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Greenwich South Street

Greenwich High Road end of South Street
The 1st picture is an undated view looking up Greenwich South Street from the intersection with Greenwich High road.     You can see the tower of the original church (St Mark's Presbyterian Church  - built in 1850 and destroyed in WW2). This was replaced by the present United Reform church in 1953.   The 2nd shot8 must be sometime around the time of the Festival of Britain as "Architecture" in the shot refers to the Lansbury Development at Poplar (part of the FoB and open between 3 May and 30 September 1951). 
The next shot is 117 & 119 Greenwich South Street c19102. Pictured on the left is Charles Harrison, the manager of No.117 A. H. Hewlett (Alfred). No.119 is H. Hewlett's (Harry) domestic supply store.  These two shops are described in Dianne Payne's book "A Greenwich Family 1906 - 1936" as being opposite Devonshire Road (now Drive). It also says the shops have now been converted to form part of the houses above.  The 2nd shot is of Charles Harrison's own shop in 1912 at 137 South Street2. The 3rd shot shows Charles' expanded business, including No. 139. Taken in 1919. Is this the current day Vets and bookie (4th shot)?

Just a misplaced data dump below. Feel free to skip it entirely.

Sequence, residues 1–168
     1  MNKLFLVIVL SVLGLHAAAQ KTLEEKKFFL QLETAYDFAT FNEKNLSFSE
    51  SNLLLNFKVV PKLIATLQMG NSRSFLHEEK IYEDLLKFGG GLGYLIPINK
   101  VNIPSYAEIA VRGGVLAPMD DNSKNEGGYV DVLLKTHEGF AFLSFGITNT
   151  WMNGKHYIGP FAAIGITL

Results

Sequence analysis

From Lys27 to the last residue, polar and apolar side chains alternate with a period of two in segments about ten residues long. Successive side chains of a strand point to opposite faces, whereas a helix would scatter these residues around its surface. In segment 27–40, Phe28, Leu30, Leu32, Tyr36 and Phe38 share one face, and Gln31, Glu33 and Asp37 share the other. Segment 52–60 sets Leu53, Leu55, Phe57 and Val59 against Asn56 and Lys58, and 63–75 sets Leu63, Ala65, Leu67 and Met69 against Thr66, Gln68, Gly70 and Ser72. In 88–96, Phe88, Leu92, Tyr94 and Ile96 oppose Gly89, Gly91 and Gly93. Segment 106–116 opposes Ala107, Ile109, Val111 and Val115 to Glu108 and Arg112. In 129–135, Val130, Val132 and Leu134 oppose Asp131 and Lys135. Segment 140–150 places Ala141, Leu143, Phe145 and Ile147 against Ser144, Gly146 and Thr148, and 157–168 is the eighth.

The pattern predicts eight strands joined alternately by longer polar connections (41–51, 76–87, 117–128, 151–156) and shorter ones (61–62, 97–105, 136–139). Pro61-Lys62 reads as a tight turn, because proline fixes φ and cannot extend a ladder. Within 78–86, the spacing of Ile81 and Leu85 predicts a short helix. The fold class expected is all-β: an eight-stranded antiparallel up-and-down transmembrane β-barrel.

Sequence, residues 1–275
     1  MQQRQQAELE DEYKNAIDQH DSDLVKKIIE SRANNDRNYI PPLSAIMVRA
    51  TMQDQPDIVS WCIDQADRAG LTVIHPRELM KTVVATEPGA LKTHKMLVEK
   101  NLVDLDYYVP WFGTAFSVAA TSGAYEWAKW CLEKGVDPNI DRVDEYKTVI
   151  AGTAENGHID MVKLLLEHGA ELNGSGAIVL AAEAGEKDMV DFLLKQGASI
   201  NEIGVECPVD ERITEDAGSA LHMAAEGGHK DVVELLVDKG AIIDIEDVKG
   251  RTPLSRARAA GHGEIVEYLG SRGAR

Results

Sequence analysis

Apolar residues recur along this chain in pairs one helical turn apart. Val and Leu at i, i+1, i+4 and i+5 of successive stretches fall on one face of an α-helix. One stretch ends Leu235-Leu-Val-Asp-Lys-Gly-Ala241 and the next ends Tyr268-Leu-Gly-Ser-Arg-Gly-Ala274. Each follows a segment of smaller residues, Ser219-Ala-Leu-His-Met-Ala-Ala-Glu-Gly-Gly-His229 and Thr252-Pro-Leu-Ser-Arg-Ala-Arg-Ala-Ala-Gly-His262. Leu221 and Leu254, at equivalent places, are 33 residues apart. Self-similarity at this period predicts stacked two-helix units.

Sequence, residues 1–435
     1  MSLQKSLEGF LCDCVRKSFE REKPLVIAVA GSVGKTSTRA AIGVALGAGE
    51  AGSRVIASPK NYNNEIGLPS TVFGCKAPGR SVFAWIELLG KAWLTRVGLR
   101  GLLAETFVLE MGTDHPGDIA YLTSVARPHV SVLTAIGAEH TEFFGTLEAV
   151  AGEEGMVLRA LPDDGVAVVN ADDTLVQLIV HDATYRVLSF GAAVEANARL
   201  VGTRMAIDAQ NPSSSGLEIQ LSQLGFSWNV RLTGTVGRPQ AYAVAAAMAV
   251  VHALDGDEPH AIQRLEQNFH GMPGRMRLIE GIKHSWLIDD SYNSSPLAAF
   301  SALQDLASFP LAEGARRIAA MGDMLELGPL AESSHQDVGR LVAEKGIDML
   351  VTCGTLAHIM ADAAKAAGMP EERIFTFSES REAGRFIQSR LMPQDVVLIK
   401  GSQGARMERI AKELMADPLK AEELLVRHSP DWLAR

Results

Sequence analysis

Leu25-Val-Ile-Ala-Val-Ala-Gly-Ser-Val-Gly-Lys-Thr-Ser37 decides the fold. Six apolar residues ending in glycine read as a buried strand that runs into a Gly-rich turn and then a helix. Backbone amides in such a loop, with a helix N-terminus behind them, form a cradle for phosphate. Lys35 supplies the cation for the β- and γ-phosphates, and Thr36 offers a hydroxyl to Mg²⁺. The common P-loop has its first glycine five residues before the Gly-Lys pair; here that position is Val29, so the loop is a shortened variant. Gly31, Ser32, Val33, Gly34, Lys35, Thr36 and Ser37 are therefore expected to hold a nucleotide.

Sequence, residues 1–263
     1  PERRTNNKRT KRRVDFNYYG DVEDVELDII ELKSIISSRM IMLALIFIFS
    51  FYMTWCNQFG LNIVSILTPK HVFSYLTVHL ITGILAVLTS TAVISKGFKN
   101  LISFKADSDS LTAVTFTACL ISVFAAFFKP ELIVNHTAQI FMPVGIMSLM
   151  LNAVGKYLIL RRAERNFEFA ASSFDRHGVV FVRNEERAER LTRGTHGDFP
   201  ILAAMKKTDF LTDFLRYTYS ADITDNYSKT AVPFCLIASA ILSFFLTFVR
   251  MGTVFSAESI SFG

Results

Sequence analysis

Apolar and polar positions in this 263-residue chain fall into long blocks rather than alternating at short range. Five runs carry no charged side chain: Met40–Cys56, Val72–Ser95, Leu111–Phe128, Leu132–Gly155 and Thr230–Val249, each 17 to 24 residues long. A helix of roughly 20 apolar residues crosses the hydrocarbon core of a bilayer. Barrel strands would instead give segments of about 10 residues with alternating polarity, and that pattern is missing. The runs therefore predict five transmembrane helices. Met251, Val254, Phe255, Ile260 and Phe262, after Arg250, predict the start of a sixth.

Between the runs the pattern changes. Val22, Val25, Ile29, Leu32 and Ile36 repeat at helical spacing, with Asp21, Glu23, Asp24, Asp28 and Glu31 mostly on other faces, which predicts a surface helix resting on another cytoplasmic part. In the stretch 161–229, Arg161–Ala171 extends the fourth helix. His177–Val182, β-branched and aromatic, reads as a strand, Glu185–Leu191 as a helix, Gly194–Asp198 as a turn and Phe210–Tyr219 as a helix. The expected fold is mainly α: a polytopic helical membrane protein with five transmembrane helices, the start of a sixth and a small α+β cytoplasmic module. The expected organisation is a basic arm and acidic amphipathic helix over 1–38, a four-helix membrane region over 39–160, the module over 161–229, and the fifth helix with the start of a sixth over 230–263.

Mid way down South Street
The next shot is a fantastic photo from the Greenwich Heritage Centre of the original St Mark's Presbyterian church and the adjacent terrace, called the Ashburnham Terrace (now Ada Kennedy Court). Is this picture from just after the WW2 bomb landed or is it showing the resultant demolition? The Church doesn't look too badly damaged in the picture.  The 2nd shot8 was taken at the intersection of Blissett Street with Greenwich South Street. You can see Meridian House in the distance.  I think the shot must be early 1940s. The 3rd shot is a modern day equivalent taken more or less at the same spot as the 2nd shot.  
These last two shots are more modern pictures. Both undated.

Blackheath Road end of South Street
Both of the following undated shots3,8 are looking up towards South Street from the intersection at Blackheath Hill. The 1st is much earlier. 

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